My key advice is to do things as you go rather than leaving them to pile up and need sorting out later. Sent an invoice? File it and record it on your income sheet. Renewed your CIEP subscription? File the invoice/receipt and record it on your expenses sheet. I give each invoice and expense a unique reference. Then each month, I download my business bank statement and reconcile it with the invoices issued, marking up each item on the statement with its reference number in my accounts. This reconciliation takes me less than half an hour each month. I do everything electronically, scanning paper receipts on the rare occasions I receive them. I also use a program called Cushion for scheduling, time-tracking and invoicing so my information is all in one place, but do what works for you.

I also put about 20% of my month’s income into a savings account earmarked for tax. This means I don’t dread the total when I submit my return. My accounts spreadsheet has a totals worksheet that collects the monthly figures and gives me an annual total. Come tax return time, I have only to refer to that sheet, knowing that all my invoices and receipts are in order, so my tax return takes me about half an hour. That’s when I am grateful to past me for taking a few minutes regularly to keep on top of things.

Sue LittlefordSue Littleford

Knowledge is a wonderful thing. First, know your money style. Are you disciplined? Does it trickle through your fingers? Track your invoices, and pounce on any that become overdue the first day they’re overdue. Don’t be shy. You’re in business, not pursuing a hobby. Be polite but firm, and repetitive – it works in most cases. Don’t be afraid you’re ‘nagging’ – you’ve done the work, so your client should pay up! Budget for your business and household expenses: work out what you want to spend on training, marketing, CIEP membership and conference attendance, materials, resources and overheads – and know when those become due.

Work out what you need to live on, likewise. Use that knowledge to help you set the hourly rate you want to earn. A simple spreadsheet of your invoices with a running total can be used to forecast your tax and National Insurance bill. According to your money style, either save enough from each paid invoice to pay the tax on that invoice or do your tax return as early as you can and set up a direct debit with HMRC to pay in monthly instalments (more like a PAYE scheme, and there’s no temptation to dip into your tax pot before you pay it to HMRC). With interest rates so low, the satisfaction of knowing you’re paying down that tax bill rather than saving the money and earning on it may balance out easily. Attend HMRC webinars on business expenses and filling in your tax return.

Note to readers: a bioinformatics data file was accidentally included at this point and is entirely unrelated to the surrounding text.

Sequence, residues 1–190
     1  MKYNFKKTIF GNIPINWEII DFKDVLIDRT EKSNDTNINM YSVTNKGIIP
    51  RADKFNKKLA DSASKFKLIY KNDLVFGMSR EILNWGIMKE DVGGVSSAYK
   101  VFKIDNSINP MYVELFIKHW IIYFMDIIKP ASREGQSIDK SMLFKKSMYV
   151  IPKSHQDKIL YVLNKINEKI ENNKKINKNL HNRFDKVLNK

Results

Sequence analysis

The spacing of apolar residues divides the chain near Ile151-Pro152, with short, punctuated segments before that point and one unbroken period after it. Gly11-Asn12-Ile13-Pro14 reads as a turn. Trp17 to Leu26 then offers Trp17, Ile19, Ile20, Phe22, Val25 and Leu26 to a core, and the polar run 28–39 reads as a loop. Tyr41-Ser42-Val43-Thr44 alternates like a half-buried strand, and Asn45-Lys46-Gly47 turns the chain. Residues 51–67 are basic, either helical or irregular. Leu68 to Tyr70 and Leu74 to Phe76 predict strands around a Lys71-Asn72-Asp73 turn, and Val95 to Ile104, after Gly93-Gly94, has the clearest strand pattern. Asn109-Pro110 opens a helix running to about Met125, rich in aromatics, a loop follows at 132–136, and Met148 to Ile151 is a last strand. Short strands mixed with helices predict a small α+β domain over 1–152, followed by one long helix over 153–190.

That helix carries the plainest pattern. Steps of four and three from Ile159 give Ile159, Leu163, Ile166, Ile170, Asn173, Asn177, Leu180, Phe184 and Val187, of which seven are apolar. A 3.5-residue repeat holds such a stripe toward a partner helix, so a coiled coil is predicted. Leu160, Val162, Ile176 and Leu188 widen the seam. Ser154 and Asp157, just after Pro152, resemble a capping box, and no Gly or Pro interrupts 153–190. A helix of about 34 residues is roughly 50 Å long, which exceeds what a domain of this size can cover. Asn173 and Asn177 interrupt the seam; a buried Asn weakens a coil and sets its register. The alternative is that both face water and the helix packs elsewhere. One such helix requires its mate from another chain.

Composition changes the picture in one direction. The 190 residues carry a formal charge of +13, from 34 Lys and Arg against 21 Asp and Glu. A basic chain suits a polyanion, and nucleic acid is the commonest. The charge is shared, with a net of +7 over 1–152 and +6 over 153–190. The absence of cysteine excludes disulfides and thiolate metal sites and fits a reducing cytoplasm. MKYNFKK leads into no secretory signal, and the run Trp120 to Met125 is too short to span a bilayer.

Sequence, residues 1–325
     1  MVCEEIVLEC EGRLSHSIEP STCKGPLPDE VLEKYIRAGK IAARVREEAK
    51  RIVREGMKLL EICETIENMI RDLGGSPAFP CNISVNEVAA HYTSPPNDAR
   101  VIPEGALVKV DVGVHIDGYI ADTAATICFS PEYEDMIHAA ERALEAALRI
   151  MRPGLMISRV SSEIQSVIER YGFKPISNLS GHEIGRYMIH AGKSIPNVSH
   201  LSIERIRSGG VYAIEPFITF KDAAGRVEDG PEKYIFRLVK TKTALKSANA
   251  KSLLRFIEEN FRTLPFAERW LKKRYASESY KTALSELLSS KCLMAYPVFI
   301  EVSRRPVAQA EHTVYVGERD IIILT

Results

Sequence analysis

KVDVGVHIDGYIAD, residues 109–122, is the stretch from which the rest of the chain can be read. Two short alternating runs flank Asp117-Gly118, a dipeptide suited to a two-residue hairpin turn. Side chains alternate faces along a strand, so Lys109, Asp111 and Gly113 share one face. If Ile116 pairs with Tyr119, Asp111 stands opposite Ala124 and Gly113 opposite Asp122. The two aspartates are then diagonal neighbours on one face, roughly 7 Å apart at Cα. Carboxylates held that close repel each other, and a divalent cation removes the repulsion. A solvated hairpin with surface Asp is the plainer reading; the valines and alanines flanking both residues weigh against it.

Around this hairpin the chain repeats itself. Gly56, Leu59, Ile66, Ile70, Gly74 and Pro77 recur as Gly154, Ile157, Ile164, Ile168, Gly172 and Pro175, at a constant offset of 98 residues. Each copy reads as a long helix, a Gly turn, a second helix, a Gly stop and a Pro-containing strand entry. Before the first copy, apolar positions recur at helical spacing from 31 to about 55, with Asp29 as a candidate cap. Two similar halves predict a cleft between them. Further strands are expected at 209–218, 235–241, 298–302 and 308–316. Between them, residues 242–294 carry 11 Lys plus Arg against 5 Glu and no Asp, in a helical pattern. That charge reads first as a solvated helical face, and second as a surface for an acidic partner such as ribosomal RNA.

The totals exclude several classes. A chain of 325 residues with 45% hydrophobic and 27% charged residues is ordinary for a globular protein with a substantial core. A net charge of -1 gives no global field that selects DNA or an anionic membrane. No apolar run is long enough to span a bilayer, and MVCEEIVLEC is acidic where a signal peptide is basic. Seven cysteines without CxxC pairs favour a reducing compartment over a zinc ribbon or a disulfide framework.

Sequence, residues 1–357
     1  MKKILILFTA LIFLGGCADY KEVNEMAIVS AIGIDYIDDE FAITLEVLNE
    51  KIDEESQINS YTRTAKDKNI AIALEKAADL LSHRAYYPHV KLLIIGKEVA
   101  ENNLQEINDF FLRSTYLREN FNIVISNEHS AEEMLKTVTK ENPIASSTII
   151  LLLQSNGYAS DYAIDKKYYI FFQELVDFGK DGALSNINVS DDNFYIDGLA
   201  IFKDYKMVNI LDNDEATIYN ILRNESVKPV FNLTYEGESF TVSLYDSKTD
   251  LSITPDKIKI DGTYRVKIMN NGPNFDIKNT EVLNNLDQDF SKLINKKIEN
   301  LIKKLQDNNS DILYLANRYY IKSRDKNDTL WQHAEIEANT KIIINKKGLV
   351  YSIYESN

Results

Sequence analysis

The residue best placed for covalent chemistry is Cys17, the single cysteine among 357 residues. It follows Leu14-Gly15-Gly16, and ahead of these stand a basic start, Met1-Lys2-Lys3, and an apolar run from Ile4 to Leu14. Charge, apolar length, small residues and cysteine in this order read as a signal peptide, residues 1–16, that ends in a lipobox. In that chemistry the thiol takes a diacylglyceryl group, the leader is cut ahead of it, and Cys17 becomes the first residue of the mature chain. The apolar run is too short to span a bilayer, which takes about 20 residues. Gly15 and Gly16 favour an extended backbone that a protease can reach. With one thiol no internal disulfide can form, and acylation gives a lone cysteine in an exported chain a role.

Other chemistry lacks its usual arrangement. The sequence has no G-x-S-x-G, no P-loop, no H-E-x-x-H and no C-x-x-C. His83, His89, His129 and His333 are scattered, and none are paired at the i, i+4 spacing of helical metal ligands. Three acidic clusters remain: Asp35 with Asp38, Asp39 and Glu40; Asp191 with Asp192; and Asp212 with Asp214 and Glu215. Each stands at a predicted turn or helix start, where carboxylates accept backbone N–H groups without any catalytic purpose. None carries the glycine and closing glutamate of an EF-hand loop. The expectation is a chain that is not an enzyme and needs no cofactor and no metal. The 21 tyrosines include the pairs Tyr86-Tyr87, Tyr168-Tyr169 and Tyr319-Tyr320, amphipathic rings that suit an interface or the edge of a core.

If you’re starting out on your freelance journey, the CIEP’s guide Going Solo covers the finance basics, including tax and record-keeping obligations.


Photo credit: owl – Dominik VO on Unsplash

Proofread by Victoria Hunt, Intermediate Member.
Posted by Abi Saffrey, CIEP blog coordinator.

The views expressed here do not necessarily reflect those of the CIEP.

 

 

 

 

 

A week in the life of a picture researcher

By Lorraine Beck

Monday

I spent most of my weekend working on what I call the ‘Art Book’ – the history of a well-known art school published by a small university press, featuring photos of works of art by its many successful staff and alumni. Clearing photos of works of art is tricky, as there are twice as many permissions to clear. First you need to obtain a good image of the artwork and clear that, and only then can you apply for permission from the artist or their estate to reproduce the work.

There has been great support for the book with former staff, alumni and their families/estates/galleries all interested and willing to supply images, in many cases for free, with only a relatively small number coming from image libraries.

Today I find myself engaged in a brief email conversation with an artist who has been nothing but helpful – but who was once perceived as a bit of a bad boy of British art – about his memories of his time at the school…

I found out on Friday morning that the deadline for high res photos is tomorrow – so I have been working hard all weekend to tie up as many loose ends as possible, resulting in a huge flurry of emails to answer. I don’t make a habit of weekend working, but this time, I’m happy to put in a few extra hours to finish the job, so as many high res photos as possible can be included in the first proofs, as in the long run, I know this will make my job easier.

Tuesday

Deadline day – a flurry of last-minute approvals, including several for photos I initially thought would be impossible to clear: I need a signed permission form/written agreement from all picture sources and artists before I can supply the high res images. Much of today was spent updating my master spreadsheet to keep track of agreements now in place or still outstanding, plus labelling and filing permission forms and images ready to send to the client. I wrote the image credits, clearly indicating which wording can’t be changed, adding a note to suggest they will need a thorough copyedit. As there are so many different image sources in the book, the credit style varies significantly, but I do my best to make this straightforward for the copyeditor by ensuring details are in a consistent order and with consistent punctuation.